Different descriptions of sensory phenomena include: localized tactile and muscle-skeletal sensations; “just-right” perceptions associated to sensory stimuli such as visual, tactile, or auditory; “just-right” feelings not associated with any triggering stimuli; feelings of incompleteness; energy; and an urge (Table 2). Although imperfect, this term was chosen to encompass all the non-cognitive phenomena associated with repetitive behaviors in these patients.
It is important to mention that almost all published articles presented higher frequencies of sensory phenomena in TS and OCD patients. The only exception was the study by Shapiro and colleagues,30 in which only 4.1% of 1,237 subjects reported sensory phenomena. However, this low percentage may be explained by the fact that only medical records were analyzed without direct interviews of the patients.
These studies2,11-13,21-24,27,30,37,46 exemplify that sensory phenomena are substantially more frequent than expected, and should be included as part of the clinical evaluation of OCD and TS patients. They also cite that a major limitation for a better understanding of these sensory phenomena is the lack of structured interviews for assessing their presence and severity.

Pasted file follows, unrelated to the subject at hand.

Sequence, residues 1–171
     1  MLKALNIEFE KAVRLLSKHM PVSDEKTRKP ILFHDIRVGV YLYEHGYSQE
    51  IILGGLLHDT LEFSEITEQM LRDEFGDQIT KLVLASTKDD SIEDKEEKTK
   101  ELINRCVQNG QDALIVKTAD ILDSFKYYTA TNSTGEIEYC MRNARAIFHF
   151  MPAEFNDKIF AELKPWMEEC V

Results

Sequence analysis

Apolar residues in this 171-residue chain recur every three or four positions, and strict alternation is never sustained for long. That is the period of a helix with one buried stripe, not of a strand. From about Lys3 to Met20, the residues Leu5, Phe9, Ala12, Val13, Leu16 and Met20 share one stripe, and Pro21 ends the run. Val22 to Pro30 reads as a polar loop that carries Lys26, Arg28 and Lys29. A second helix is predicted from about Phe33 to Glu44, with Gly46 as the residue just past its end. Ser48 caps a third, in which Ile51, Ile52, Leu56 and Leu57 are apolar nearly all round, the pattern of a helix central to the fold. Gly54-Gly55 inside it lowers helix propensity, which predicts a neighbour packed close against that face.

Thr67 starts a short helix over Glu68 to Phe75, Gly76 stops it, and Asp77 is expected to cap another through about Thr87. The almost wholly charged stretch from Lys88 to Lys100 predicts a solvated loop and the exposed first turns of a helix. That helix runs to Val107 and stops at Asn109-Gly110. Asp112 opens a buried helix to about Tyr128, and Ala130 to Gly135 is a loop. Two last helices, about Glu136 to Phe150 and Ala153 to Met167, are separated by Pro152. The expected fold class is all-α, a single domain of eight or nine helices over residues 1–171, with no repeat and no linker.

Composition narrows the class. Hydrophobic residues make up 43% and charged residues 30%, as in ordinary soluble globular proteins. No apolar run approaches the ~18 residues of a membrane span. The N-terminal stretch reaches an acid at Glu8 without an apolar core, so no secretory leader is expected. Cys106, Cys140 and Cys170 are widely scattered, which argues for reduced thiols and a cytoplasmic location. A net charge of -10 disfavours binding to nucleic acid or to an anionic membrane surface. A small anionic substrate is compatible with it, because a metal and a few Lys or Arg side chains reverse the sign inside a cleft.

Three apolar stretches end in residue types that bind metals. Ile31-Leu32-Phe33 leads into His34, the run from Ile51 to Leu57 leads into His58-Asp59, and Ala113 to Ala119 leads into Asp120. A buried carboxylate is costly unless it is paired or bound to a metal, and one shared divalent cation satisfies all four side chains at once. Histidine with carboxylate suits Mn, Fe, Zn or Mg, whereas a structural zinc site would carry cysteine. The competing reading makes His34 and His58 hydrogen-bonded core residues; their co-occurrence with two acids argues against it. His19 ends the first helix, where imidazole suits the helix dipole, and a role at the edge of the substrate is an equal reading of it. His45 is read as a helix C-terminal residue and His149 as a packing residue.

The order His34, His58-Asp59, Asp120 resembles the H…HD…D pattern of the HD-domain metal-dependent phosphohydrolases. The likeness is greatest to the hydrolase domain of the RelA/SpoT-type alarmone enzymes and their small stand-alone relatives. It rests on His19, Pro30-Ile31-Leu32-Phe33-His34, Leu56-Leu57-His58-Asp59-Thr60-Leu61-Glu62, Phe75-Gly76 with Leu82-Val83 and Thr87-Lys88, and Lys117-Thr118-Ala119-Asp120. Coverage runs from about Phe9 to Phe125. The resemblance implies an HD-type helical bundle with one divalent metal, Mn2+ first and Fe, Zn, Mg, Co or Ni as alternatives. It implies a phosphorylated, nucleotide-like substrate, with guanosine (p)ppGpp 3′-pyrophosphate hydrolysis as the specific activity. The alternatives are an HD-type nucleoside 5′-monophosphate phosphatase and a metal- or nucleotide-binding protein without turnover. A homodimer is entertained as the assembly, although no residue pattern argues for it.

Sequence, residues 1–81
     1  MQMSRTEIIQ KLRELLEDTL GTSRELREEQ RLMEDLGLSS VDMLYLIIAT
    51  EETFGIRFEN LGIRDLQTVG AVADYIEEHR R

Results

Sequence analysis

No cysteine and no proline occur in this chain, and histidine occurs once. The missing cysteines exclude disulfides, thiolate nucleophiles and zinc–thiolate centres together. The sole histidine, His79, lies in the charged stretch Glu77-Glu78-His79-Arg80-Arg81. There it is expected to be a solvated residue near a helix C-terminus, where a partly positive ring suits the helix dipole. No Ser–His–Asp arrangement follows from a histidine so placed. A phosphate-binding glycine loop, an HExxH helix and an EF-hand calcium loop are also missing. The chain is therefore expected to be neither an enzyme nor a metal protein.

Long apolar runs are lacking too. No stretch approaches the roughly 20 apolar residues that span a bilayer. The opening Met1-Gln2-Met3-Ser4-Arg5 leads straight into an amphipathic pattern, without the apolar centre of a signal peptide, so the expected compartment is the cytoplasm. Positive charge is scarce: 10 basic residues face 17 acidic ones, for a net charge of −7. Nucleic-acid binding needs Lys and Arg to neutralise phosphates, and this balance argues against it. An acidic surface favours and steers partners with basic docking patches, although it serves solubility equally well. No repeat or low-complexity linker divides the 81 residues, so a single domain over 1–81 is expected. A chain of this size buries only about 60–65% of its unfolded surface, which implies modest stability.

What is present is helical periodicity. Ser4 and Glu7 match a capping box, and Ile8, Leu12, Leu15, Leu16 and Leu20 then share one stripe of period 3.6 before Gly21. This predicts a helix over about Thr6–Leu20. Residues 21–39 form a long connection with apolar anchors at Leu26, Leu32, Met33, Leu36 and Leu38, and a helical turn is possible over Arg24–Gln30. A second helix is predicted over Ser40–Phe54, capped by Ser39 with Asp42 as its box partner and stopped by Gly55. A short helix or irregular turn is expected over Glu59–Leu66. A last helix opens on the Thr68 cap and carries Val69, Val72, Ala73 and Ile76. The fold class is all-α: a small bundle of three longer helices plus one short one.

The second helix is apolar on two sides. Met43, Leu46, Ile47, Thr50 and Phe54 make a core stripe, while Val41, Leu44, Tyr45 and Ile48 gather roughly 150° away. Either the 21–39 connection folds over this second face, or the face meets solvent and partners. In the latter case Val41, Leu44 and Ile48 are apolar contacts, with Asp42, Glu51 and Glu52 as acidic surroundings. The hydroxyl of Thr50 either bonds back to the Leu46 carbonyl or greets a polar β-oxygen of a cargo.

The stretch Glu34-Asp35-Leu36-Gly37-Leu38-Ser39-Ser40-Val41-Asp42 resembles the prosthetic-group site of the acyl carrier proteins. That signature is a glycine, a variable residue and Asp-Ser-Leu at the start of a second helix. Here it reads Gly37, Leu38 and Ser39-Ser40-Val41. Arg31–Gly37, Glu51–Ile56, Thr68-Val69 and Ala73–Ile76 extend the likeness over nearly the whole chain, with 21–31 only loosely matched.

As an attempt to overcome this limitation, a group of researchers from the Institute of Psychiatry of the University of São Paulo Medical School and the Massachusetts General Hospital at Harvard University, developed the University of São Paulo-Harvard Interview for Repetitive Behaviors (USP-Harvard), which consisted of questions assessing presence and severity of sensory phenomena, cognitive phenomena (obsessions) and autonomic anxiety symptoms preceding and or accompanying repetitive behaviors.10-12
Thus far, seven studies (Table 3) have been completed assessing sensory phenomena with the USP-Harvard Interview. Miguel and colleagues10,11 reported that OCD patients without tics presented with higher frequencies of cognitive and autonomic anxiety phenomena compared with OCD+TS or TS-alone patients. Furthermore, the OCD+TS group had more sensory phenomena than the OCD group, and the frequencies of sensory phenomena between the TS group and the OCD+TS groups were not significantly different.12
In a later study with the same sample, Miguel and colleagues13 investigated in more detail which kinds of sensory phenomena could differentiate TS, OCD+TS from OCD patients. The authors reported that most types of sensory phenomena were more frequent in the two TS groups (OCD+TS and TS only), when compared with the OCD-only group. These differences were even more striking both tactile and muscular-skeletal/visceral sensations and the less complex sensations, such as “urge only” and/or “energy release”. For example, the need to perform a behavior until feeling “just-right” was reported in 90% of the OCD+TS group compared with 48% of the TS group and 35% of the OCD group. Feelings of incompleteness were even more distinctive in the OCD+TS group. These findings were congruent with those reported by Leckman and colleagues51 in which “just-right perceptions” were found more frequently in TS+OCD patients compared with TS patients without OCD.